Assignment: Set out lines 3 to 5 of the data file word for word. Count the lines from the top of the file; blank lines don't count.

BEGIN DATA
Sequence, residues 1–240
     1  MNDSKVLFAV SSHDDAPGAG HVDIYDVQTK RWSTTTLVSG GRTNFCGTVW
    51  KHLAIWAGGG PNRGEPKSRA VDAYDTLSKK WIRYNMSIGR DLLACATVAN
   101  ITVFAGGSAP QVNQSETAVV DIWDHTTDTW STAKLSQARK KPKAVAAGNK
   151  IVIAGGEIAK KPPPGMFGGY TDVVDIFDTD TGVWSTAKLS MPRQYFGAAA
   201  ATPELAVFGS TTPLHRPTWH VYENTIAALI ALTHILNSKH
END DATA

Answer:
    51  KHLAIWAGGG PNRGEPKSRA VDAYDTLSKK WIRYNMSIGR DLLACATVAN
   101  ITVFAGGSAP QVNQSETAVV DIWDHTTDTW STAKLSQARK KPKAVAAGNK
   151  IVIAGGEIAK KPPPGMFGGY TDVVDIFDTD TGVWSTAKLS MPRQYFGAAA